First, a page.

How Kirk Cousins' Vikings education will continue during break

EAGAN, Minn. -- After a whirlwind three months that required Kirk Cousins to move his family across the country, learn a new offense and develop relationships with coaches and teammates after signing a three-year, $84 million contract in free agency, the Minnesota Vikings quarterback can finally exhale.

All of the changes Cousins experienced came with the territory -- moving on to the next chapter of his career after six years with the Washington Redskins. That doesn't mean the transition has always been seamless.

Cousins felt the spring offseason was "a bit like drinking through a fire hose," given the amount of new information he had to process and execute in expedited fashion. At the forefront of learning a scheme designed around his strengths, Cousins' first few months in the Twin Cities centered on building continuity with his offensive line and skill players.

Cementing that connection is a process will take longer than the several weeks of OTAs and minicamp. Finding a common ground between the way his receivers like to run routes and the way Cousins has executed throws to his offensive weapons in the past was where it all started when the quarterback invited Adam Thielen and Stefon Diggs down to Atlanta for an impromptu throwing session in early April. Those conversations continued to evolve during the spring as Cousins was able to expand upon that chemistry in full practices and leave feeling all parties were on the same page.

"It's a process of saying, 'Hey, this is the way I've done if for six years. You've done it a different way for five years. Let's try to talk about why you've had success, why I've had success. Let's find some middle ground, let's decide whether I'm going to learn your way, you're going to learn my way,'" Cousins said. "That's the process I'm talking about. Every route, every concept, really we could talk about each individual one. The best part of the whole thing is you know you have a chance when the communication is as healthy as it is.

"[Thielen is] receptive to listening; I can understand what he's getting at. It's the same with Stef. That's where when I say I'm really excited about the locker room and the players I work with, it's moments like that, where I feel really good about the communication, that they're hearing you and you're hearing them."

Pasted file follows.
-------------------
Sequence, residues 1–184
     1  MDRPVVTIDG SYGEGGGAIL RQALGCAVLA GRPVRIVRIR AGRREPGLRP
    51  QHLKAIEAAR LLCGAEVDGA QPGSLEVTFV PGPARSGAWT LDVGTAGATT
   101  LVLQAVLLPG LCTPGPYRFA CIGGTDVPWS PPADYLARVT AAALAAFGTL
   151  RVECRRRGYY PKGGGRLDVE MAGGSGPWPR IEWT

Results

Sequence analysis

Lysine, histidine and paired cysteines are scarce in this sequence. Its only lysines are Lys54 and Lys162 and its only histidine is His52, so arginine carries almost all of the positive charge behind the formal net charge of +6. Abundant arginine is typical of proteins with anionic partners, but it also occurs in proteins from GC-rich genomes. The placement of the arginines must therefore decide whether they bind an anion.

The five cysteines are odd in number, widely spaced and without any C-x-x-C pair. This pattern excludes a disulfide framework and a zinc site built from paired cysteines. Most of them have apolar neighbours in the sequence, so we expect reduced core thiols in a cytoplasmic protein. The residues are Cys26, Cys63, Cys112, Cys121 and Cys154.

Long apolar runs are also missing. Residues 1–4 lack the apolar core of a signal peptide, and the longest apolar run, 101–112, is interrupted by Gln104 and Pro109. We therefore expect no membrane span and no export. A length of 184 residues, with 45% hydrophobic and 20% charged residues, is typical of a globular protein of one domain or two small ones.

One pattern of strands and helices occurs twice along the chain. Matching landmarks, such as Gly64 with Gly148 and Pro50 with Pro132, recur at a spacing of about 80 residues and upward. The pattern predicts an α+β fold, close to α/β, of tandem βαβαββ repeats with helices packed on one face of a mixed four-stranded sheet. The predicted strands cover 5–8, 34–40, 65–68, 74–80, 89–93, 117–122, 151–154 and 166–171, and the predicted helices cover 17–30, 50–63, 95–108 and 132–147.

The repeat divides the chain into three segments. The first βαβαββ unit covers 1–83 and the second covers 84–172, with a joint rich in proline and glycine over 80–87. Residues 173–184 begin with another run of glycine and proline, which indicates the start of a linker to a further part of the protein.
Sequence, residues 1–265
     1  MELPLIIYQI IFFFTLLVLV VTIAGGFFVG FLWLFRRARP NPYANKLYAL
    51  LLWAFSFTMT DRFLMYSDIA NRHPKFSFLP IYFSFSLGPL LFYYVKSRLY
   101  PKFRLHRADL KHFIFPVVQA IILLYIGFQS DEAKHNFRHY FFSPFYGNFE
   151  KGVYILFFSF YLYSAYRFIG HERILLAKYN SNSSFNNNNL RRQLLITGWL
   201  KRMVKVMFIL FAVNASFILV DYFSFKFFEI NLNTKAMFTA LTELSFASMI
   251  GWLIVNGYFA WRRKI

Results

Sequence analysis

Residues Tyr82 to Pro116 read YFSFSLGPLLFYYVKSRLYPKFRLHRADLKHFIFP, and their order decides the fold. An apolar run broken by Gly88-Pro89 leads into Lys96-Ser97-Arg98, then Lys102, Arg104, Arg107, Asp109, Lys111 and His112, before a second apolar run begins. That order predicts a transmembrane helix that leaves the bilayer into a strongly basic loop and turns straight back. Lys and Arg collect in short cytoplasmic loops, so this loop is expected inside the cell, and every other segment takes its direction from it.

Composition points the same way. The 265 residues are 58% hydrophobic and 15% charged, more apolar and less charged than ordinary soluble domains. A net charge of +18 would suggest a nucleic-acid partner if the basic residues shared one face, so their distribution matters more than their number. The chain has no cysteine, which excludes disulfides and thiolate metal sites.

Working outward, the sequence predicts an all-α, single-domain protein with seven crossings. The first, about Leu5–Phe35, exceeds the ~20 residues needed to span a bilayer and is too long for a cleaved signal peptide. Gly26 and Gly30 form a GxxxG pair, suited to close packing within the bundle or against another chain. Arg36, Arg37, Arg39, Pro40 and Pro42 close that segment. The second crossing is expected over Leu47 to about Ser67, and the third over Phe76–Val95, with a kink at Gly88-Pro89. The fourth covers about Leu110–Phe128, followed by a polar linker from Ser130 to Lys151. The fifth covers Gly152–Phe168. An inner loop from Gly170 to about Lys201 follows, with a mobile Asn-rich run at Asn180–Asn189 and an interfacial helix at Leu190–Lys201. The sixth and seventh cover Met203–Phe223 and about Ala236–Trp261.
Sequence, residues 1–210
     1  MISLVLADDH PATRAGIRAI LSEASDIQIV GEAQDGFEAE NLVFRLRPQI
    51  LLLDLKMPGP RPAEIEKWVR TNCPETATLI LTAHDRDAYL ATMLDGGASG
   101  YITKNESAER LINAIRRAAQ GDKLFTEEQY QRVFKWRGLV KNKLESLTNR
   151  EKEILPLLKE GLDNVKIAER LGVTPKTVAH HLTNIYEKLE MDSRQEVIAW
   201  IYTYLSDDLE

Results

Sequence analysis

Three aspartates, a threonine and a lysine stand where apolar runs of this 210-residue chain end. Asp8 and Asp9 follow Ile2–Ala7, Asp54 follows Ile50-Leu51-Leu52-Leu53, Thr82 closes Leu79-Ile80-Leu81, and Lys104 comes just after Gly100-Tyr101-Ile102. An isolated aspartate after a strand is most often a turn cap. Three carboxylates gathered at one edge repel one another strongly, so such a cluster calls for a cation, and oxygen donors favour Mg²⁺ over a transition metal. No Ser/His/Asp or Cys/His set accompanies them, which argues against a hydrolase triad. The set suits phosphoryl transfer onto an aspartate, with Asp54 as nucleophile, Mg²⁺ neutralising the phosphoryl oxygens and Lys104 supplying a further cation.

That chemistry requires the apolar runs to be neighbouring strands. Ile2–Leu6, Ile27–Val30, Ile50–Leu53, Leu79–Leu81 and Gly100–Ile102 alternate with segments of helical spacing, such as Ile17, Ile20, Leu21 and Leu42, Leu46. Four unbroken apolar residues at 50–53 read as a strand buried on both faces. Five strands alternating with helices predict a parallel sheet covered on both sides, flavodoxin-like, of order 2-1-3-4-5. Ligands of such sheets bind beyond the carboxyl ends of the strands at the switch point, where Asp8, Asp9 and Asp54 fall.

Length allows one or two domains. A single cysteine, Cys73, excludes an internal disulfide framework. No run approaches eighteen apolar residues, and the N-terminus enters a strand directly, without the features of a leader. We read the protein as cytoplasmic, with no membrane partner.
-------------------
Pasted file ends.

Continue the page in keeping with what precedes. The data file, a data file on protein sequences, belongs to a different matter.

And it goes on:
During the six weeks leading up to the Vikings reporting for training camp at the end of July, Cousins will work to perfect the balance between relaxing and staying mentally prepared. Though he doesn't have any concrete plans in place to work with his receivers, he will dedicate his efforts to the areas of the offense he didn't grasp the first time around.

"I think the more important level of communication will be between me and the coaches, talking about some philosophy things and how I want plays to be designed," Cousins said. "I'll have my iPad with me as I go home, and I'll spend time every day going back.

"All the stuff I didn't catch, go back through and see that I had starred this, I had checkmarked this as something to go back to when we had time rather than take time when we were so busy."

"I'm going to go back, I'll make a list," he continued, "probably get on the phone with [offensive coordinator] coach [John] DeFilippo or [quarterbacks] coach [Kevin] Stefanski and email and just go through it all to get each question answered over the summer."

Because he feels like he's "a little behind the eight ball," Cousins' summer plans include ample time in the playbook each day to prevent losing the knowledge and muscle memory he has built up. But if there's anything his first six years in the NFL have taught him, it's the importance of pushing back at this time of year to prevent burnout.

"Last year, we got to like Week 2 and because of how much I was grinding all camp and even in the summer, I felt like we were in Week 12," Cousins said. "I couldn't believe that we were only in Week 2 because I had treated July and August like it was game day."

A change of scenery is part of that plan. Cousins is scheduled to be in his hometown of Holland, Michigan, for his two-day youth football camp June 29-30. Last year, Cousins broke ground on a beach house on Lake Michigan that he told MLive.com he was looking "forward to it being a family gathering spot for many years." The backdrop of the water and serene western Michigan beaches might provide the perfect space for Cousins to unwind over the next two months while poring over the concepts he hopes will have him ready to go when training camp arrives.

"Just keep stacking a brick up every day and believe that by the end of August or early September we'll be where we need to be," he said.